Explore History

The Later Cold War
A Changing Fleet

Canada's navy changed and shrank in the latter part of the Cold War, but continued to face threats and meet alliance obligations. Despite the addition of some newer vessels, by the late 1970s it faced "rust-out" due to the gradual deterioration of ships and equipment.

Diving Knife
Diving Knife

Divers at the Canadian Forces Fleet Diving Unit (Pacific) in Colwood, British Columbia, used this knife for their work.

Marks one inch apart on the blade allow it to be used as a ruler, while a serrated edge (centre right) helps cut through materials like rope. This commercially-manufactured diving knife has also been modified by turning the point of the blade (bottom right) into a screwdriver tip. Established shortly after the Second World War, the Fleet Diving Unit (Pacific)'s primary responsibility is mine countermeasures work, but it also carries out other underwater duties, including repair and salvage work.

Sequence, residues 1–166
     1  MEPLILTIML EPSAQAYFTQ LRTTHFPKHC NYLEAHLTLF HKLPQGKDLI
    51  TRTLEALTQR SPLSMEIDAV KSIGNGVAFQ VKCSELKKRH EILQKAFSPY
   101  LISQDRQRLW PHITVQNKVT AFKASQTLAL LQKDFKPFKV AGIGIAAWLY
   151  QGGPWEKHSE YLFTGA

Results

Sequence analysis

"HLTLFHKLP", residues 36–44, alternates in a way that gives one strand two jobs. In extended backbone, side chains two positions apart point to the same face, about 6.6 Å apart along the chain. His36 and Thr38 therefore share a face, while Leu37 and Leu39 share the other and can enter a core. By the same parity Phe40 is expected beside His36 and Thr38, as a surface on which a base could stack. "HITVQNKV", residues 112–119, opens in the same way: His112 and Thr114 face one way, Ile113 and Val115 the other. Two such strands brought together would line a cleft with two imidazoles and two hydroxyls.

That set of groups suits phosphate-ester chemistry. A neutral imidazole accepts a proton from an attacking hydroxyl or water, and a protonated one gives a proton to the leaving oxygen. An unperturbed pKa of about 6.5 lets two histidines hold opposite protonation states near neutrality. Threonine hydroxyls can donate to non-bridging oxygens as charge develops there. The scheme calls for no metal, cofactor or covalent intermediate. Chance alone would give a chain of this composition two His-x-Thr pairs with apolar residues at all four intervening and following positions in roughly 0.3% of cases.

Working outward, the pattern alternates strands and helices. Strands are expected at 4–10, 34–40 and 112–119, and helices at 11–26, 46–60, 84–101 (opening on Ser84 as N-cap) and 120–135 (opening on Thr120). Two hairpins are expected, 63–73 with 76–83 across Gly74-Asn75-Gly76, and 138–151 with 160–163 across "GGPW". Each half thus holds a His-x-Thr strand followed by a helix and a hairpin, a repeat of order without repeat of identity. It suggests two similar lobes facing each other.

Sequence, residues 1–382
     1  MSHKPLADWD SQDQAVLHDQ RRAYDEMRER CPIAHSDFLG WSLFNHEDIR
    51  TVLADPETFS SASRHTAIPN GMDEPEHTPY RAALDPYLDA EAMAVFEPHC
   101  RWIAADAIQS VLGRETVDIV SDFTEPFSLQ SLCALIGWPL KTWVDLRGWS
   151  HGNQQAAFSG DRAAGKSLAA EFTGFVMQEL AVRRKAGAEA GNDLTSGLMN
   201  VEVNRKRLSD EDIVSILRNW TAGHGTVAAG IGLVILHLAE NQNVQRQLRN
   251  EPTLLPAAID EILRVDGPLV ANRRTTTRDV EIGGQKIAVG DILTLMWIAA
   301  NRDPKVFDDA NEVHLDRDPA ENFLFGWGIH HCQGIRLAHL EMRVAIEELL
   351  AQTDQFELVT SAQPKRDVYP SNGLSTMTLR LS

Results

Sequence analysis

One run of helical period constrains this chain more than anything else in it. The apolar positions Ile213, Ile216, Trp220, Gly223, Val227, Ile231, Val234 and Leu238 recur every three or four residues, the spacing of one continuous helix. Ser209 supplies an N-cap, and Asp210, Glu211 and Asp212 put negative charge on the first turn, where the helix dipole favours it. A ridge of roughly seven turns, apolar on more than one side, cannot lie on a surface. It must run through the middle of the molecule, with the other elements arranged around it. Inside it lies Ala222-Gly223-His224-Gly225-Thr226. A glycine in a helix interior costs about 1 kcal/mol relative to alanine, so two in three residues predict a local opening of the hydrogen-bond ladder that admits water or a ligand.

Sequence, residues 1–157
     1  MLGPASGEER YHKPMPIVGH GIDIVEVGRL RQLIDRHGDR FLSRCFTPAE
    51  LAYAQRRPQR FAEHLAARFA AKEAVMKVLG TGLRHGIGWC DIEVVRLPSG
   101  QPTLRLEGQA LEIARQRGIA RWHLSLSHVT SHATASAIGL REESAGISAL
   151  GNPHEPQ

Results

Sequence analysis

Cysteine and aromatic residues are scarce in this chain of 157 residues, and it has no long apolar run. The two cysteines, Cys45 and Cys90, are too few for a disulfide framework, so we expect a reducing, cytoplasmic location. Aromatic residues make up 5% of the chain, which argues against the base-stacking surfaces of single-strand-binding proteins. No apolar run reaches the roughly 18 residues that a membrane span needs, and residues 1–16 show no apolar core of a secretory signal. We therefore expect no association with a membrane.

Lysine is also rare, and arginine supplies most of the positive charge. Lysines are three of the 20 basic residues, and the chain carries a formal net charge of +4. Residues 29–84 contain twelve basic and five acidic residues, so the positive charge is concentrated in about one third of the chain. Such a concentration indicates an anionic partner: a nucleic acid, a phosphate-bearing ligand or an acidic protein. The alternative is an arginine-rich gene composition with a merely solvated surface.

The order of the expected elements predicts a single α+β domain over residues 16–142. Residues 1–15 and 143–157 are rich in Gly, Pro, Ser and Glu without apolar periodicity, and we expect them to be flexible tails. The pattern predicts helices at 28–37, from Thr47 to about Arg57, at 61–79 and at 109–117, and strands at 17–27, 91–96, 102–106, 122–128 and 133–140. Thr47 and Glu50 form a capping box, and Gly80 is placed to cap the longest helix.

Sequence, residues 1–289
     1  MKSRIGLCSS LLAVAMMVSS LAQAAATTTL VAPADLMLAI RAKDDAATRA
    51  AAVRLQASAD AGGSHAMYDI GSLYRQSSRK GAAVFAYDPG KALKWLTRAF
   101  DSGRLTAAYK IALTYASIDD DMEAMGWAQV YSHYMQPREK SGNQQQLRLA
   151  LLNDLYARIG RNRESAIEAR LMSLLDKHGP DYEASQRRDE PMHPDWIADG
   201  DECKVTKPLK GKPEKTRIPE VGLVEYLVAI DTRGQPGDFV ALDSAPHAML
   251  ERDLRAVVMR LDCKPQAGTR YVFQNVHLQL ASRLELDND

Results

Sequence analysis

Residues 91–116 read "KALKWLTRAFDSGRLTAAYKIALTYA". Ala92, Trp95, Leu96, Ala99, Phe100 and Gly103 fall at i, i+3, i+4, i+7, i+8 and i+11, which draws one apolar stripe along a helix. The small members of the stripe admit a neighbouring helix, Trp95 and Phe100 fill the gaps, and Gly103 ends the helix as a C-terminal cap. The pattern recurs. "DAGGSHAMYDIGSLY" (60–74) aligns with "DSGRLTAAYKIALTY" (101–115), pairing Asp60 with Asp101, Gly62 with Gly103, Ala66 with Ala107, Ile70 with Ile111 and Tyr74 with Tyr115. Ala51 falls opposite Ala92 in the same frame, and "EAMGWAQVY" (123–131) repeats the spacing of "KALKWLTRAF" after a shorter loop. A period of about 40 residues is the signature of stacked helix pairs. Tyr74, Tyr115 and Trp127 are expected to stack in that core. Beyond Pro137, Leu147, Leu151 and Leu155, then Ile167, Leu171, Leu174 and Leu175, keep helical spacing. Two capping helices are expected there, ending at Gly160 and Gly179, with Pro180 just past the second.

Diving Knife
CWM 19820631-016

HMCS Iroquois, Artist's Concept
HMCS Athabaskan
Model, HMCS Bras d'Or
HMCS Bras d'Or
HMCS Ojibwa
HMCS Ojibwa Model
Uniform, Lieutenant Commander Edward Ross Murray
Model, HMCS Assiniboine
HMCS Gatineau
HMCS Gatineau
Model, HMCS Nipigon
Naval Chaff Launcher
The Watch Below – Engine Room – HMCS Yukon
Hands to Supper – Galley and Steamline – HMCS Yukon
FN C1D Rifle
Diving Knife
Soviet Naval Aircraft
Soviet Aircraft Carrier and Bombers
HMCS Huron and HMCS Kootenay, 1990
Baltic Patrol